He checked into the hotel and later, in his room, showered and changed. From his bag he took the program of the surgeons’ congress—ostensible reason for his presence in New York. He noted that there were three papers he wanted to hear—two on open heart surgery and a third on replacement of diseased arteries by grafts. But the first was not until eleven next morning, which gave him plenty of time tomorrow. He glanced at his watch. It was a little before seven—more than an hour before he was due to meet Denise. He took an elevator downstairs and strolled through the foyer to the Pyramid Lounge.

It was the cocktail hour and the place was beginning to fill with pre-dinner-and-theater groups, mostly, he guessed, like himself, from out of town. A headwaiter showed him to a table, and as they moved across he saw an attractive woman, sitting alone, glance at him interestedly. It was not a new experience, and in the past similar incidents had occasionally led to interesting results. But tonight he thought: Sorry, I have other plans. A waiter took his order for scotch and soda, and when the drink came he sipped it slowly, his mind coasting leisurely over random thoughts.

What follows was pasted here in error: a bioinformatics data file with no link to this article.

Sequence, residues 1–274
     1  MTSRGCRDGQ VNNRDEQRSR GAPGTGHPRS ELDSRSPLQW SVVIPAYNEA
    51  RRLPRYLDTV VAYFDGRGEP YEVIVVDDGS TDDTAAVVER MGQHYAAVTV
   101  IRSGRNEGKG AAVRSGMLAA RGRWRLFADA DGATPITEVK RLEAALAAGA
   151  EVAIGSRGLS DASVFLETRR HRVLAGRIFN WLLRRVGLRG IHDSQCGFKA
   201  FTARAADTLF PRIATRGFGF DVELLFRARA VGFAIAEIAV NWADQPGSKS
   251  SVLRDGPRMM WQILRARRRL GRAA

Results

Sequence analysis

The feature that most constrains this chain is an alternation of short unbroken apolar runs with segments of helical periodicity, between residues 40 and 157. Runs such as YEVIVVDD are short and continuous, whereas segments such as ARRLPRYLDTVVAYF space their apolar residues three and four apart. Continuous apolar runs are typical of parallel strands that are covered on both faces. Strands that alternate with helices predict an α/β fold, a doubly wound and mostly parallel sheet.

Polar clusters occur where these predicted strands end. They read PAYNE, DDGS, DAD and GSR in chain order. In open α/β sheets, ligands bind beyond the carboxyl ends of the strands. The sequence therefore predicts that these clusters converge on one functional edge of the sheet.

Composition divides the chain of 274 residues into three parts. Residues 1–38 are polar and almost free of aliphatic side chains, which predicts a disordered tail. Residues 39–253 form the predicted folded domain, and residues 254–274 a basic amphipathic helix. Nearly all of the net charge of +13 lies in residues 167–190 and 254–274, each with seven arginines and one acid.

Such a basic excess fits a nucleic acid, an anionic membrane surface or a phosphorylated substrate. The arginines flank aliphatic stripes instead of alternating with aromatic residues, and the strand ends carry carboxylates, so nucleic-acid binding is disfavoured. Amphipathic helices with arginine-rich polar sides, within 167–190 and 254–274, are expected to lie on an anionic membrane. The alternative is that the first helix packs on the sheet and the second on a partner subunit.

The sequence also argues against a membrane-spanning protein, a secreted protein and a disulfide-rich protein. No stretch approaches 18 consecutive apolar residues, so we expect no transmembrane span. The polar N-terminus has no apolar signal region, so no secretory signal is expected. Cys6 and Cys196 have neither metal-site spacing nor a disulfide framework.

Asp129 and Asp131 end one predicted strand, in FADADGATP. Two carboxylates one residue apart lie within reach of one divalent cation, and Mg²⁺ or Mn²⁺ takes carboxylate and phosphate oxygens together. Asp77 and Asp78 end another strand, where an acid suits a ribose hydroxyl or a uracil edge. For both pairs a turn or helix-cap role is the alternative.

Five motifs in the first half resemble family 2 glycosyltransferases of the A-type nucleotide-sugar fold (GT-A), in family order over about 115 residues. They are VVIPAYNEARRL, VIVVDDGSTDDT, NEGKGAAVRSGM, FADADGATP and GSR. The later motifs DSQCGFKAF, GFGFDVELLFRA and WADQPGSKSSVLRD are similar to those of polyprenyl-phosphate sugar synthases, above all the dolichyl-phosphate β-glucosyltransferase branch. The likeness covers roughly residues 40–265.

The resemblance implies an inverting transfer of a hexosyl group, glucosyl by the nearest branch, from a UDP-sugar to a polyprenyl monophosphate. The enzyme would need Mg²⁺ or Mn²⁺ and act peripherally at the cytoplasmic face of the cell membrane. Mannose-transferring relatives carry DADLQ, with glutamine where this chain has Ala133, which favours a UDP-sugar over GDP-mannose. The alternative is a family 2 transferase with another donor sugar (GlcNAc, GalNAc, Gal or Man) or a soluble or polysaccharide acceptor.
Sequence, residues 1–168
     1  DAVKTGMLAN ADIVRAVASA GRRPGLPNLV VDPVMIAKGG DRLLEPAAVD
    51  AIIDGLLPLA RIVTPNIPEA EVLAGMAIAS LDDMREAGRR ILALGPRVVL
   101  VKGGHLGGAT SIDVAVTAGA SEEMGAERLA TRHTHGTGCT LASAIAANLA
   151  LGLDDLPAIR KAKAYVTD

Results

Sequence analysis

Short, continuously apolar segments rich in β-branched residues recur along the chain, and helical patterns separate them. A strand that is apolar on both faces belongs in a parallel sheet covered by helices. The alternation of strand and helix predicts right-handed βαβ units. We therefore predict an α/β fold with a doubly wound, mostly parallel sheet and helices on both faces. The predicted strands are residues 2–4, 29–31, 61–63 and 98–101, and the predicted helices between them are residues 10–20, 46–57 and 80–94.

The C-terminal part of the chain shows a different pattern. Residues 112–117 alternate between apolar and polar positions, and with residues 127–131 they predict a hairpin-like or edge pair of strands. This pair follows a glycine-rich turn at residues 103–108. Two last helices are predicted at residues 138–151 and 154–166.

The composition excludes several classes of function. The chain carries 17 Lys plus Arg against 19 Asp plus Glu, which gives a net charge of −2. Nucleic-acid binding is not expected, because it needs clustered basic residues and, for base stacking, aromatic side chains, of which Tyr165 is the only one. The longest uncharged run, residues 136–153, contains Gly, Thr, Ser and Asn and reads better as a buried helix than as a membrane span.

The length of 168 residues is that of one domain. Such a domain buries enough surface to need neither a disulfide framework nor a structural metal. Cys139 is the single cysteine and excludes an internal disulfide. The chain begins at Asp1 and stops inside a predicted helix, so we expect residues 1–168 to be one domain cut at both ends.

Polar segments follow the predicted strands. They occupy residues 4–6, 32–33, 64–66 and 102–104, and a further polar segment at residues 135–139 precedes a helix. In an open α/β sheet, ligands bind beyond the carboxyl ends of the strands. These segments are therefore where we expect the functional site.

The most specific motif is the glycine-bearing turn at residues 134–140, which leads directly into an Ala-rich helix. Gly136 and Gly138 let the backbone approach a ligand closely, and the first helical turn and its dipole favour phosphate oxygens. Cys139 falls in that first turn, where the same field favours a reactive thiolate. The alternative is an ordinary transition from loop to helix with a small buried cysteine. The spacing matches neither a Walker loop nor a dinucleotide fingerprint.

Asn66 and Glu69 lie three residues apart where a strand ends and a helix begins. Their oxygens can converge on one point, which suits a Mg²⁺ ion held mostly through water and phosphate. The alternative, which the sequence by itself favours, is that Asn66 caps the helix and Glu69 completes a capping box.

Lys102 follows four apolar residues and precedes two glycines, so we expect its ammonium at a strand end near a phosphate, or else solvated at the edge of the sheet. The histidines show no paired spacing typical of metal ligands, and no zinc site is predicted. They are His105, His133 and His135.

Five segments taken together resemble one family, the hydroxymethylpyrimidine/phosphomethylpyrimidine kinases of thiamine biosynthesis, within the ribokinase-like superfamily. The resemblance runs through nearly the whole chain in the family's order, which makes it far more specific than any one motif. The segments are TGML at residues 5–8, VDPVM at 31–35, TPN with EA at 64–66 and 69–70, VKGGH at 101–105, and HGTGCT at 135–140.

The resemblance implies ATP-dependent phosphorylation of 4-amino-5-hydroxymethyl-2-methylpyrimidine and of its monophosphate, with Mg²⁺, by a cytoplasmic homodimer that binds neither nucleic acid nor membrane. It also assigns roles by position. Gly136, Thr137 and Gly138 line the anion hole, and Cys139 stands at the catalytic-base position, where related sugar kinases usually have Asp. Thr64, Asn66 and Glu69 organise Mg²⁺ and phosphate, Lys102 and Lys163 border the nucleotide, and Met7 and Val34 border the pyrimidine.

Moments like this, he reflected, were all too rare in Burlington. That was why it was good to get away for a while; it sharpened your sense of perspective, made you realize that some of the things you deemed important on your own home ground were a good deal less so when looked at from a distance. Just lately he had suspected that his own closeness to hospital business had thrown some of his thinking out of balance. He looked around him. Since he had come in the lounge had filled; waiters were hurrying to bring the drinks which three bartenders were dispensing; one or two of the earlier groups were moving out. How many of these people, he wondered—the man and the girl at the next table, the waiter by the door, the foursome just leaving—had ever heard of Three Counties Hospital and, if they had, would care what went on there? And yet, to himself just lately, the hospital’s affairs seemed almost to have become the breath of life. Was this a healthy symptom? Was it a good thing professionally? O’Donnell had always mistrusted dedicated people; they tended to become obsessed, their judgment undermined by enthusiasm for a cause. Was he in danger now of becoming one such himself?